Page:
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28 July 2009

Footprints on the Moon

My review of Shameless' excellent new DVD of Luigi Bazzoni's thriller FOOTPRINTS (aka LE ORME) is up at Lovelockandload now. If you've ever been curious about seeing this film, you need go no further than this release. I doubt any other company will best it. The film is fully uncut featuring footage included only in the Italian version. English and Italian soundtracks are included as well as English subtitles (and Italian subtitles for English language scenes on the Italian track for Italian viewers) as well as trailers for the film, the English title sequence, an image gallery, and trailers for all twenty of Shameless' DVD releases thus far. Marc Morris of the Cult Movie Forums put together this excellent release.

17 July 2009

Irfan Atasoy is SPY SMASHER!

One of the Onar Films releases that Marc Morris sent me for review at his Cult Movie Forums is CASUS KIRAN, a lovingly loopy Turkish homage/rip-off of the American SPY SMASHER serial. Irfan Atasoy, the actor who played "The Flying Man" (who wears a mask, cape, and has a big "S" on his chest in the KILINK films), plays Spy Smasher and he's up against the White Mask (played by Yildirim Gencer, who previously faced off against Atasoy as Kilink) and his blonde partner in crime Suzy (Suzan Avca who also played Kilink's lady love Suzy).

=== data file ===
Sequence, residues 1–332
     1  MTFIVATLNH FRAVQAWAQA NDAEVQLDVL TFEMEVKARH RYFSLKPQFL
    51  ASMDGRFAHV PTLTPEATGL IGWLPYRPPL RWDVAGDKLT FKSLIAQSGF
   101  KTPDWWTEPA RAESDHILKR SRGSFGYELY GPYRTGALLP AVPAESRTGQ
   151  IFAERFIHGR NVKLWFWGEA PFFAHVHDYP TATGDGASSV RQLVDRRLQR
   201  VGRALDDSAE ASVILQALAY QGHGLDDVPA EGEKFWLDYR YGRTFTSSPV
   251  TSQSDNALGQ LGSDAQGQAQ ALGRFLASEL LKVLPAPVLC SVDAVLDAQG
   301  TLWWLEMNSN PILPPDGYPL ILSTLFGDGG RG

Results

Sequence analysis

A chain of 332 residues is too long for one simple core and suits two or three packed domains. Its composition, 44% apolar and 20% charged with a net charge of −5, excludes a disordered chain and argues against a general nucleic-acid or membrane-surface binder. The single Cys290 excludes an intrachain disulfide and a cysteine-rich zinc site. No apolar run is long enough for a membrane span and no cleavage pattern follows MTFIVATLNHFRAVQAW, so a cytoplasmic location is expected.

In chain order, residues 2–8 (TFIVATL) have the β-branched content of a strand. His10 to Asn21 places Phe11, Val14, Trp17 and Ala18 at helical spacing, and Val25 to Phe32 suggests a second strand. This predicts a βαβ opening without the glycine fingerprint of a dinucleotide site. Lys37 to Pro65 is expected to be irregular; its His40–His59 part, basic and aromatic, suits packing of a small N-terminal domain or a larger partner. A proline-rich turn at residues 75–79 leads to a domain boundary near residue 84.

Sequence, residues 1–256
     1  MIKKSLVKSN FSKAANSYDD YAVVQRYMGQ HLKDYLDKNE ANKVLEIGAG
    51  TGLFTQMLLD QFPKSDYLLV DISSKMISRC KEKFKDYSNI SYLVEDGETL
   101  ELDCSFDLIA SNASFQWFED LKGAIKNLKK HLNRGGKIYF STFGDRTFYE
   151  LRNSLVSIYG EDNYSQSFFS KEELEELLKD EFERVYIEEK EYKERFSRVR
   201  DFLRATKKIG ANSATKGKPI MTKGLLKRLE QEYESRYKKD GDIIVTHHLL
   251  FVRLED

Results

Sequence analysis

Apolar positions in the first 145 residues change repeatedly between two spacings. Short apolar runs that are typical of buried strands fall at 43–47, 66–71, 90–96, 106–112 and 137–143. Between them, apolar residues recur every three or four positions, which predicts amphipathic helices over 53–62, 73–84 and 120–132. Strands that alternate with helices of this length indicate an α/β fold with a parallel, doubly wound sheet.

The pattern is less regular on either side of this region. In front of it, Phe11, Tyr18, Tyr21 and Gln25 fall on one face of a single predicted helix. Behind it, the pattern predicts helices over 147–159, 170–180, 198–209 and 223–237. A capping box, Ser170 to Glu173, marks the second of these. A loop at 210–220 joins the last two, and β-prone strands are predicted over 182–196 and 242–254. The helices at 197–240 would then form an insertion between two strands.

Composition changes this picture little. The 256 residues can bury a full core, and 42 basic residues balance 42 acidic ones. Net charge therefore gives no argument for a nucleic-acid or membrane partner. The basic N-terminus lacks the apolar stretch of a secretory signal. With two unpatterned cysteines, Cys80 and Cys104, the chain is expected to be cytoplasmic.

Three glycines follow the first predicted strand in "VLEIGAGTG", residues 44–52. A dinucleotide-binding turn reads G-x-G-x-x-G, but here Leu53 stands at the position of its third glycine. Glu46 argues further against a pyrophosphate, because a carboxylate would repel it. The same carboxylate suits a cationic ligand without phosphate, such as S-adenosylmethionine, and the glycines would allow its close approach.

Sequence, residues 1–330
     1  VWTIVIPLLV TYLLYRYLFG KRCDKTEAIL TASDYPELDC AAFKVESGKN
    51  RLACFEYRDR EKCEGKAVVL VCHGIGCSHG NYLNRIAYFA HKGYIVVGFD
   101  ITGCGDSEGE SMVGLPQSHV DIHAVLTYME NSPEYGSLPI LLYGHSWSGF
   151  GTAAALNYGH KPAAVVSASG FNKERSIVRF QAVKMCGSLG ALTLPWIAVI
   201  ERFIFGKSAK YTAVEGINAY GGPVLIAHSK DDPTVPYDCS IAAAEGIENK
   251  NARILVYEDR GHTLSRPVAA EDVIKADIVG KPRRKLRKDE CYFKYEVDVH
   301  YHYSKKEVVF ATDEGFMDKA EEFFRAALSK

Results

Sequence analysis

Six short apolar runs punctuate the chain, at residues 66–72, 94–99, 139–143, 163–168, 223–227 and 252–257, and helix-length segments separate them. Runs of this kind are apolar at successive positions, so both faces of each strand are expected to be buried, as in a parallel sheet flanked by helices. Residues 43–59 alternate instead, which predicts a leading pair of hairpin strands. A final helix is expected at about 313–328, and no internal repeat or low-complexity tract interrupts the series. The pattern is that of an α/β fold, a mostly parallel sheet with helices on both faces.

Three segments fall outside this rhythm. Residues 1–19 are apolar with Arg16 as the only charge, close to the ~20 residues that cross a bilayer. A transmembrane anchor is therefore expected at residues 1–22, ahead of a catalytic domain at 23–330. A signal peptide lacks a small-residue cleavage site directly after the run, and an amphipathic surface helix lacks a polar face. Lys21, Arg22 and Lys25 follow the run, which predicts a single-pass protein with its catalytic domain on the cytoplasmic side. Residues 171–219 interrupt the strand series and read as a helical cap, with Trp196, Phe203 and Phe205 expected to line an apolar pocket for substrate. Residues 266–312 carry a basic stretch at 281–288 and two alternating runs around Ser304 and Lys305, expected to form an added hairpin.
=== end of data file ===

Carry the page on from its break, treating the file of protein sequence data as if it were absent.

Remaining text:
15 July 2009

"I'd Like to Paint You Nude in a Field of Wheat"

My somewhat overly analytical review of Shameless Entertainment's DVD of BABA YAGA: THE FINAL CUT is up at Lovelockandload. Milanese photographer Valentina (based on Italian comic book artist Guido Crepax's Louise Brooks-lookalike heroine) becomes the object of obsession for witchy Baba Yaga (Carroll Baker) who hexes her camera and gifts her with a Victorian doll dressed in leather gear. Valentina begins having surreal dreams and is further drawin into Baba Yaga's mysterious and perverse world. Previously released in a test-audience-approved cut version in the US by Blue Underground (with deleted scenes as extras), Shameless have collaborated with director Corrado Farina to restore the film to his intended vision with some politically-charged scenes of sex and violence (more campy than controversial these days) as well as some censor-mandated deletions. Farina appears in an interview and the disc also includes two of his short documentaries and a subtitle commentary fact track.

10 July 2009

The Bodies Bear Traces of Carnal Violence